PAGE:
Three steps forward and two back for clean energy

There was positive news through a trade dispute resolution, a change in lending policy to avoid coal and in energy policy in a couple of countries. But, as always, the news isn't exclusively good.

Encouraging news on the Europe-China solar panel trade dispute, on the lending policy of a key multilateral development bank and on renewable energy policies in Kazakhstan and Thailand vied for dominance last week with bleaker noises on subsidies in the Czech Republic and Germany.

Breaking news on the trade front over the weekend revealed the European Union and China reaching a provisional deal on solar panel imports.

China agreed to adhere to a minimum export price (€0.56 per watt) and a maximum export quantity (7GW), in order to avoid the imposition of punitive tariffs. “We found an amicable solution in the EU-China solar-panels case that will lead to a new market equilibrium at sustainable prices,” European Trade Commissioner Karel De Gucht said in a statement in Brussels.

The headline of last week came from the European Investment Bank, which set an emission limit on power projects eligible for loans. The 550 grams of carbon dioxide emission per kWh allowed would bar lending to new coal-fired plants unless they also burn biomass, EIB spokesman Richard Willis said. The EIB's decision follows an earlier announcement by the World Bank, which said it would only lend to coal plants in rare cases.

Funding to fossil fuel plants is also being limited by the gathering momentum of divestment campaigns. US activist Bill McKibben, through his group, has managed to get agreement from six schools, 16 cities and 11 religious institutions to divest their holdings from a group of 200 companies that produce coal, oil or natural gas.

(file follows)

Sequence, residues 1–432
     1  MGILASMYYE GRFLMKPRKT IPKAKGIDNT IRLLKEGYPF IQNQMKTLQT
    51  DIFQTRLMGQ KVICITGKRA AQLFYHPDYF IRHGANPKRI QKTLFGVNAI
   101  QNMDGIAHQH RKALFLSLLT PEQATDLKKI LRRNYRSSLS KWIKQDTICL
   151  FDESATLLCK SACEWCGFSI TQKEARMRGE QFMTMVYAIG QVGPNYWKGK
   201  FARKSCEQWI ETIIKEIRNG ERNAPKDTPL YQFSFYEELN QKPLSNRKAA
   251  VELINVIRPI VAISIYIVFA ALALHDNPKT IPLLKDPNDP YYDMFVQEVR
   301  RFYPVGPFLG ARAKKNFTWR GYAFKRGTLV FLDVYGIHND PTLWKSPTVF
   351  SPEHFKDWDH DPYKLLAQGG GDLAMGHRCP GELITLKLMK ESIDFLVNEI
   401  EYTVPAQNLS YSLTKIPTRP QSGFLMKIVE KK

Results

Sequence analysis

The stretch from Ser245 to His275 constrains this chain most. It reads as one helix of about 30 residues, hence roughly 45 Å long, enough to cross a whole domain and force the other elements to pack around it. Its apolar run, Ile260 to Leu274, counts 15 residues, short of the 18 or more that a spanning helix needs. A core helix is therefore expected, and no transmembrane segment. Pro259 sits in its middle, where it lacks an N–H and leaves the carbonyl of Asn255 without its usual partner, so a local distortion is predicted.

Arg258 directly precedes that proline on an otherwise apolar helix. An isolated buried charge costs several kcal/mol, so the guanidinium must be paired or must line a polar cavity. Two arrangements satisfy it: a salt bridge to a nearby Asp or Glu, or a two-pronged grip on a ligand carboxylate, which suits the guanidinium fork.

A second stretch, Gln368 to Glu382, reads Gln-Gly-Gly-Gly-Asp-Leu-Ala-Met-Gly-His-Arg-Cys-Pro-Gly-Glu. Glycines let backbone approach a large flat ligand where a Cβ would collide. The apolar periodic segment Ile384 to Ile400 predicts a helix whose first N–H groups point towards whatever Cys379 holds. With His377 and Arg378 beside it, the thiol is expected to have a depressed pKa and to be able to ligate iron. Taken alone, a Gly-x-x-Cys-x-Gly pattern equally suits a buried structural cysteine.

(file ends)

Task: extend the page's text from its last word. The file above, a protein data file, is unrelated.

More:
The group has modelled its campaign on the 1980s divestment effort aimed at companies working with the apartheid regime in South Africa. “We know we can’t bankrupt Exxon,” McKibben said in an interview with Bloomberg News in Washington. “But we think we can politically bankrupt them.”

In the US, coal use is expected to fall gradually as electric utilities switch to cleaner alternatives, billionaire investor Warren Buffett said. “Coal will gradually decline in importance, and of course when natural gas prices get low enough you have a big switch over,” Buffett said at an event in Indiana.

The country to offer feed-in tariffs for the first time is Kazakhstan. It announced its intention to offer 15-year incentive tariffs for renewable energy projects as it targets getting 1 per cent of its electricity from clean sources by 2014 and 3 per cent by 2020. A single national buyer of electricity is also proposed to mop up the production of an estimated 1GW of renewable capacity to be installed by the end of the decade.

Another Asian country – Thailand – increased its renewable production target to 25 per cent of total output by 2021. This translates to a capacity target of 13.9GW, from the earlier goal of 9.2GW. It also announced 25-year feed-in tariffs for 1GW of rooftop and community ground-mounted solar systems.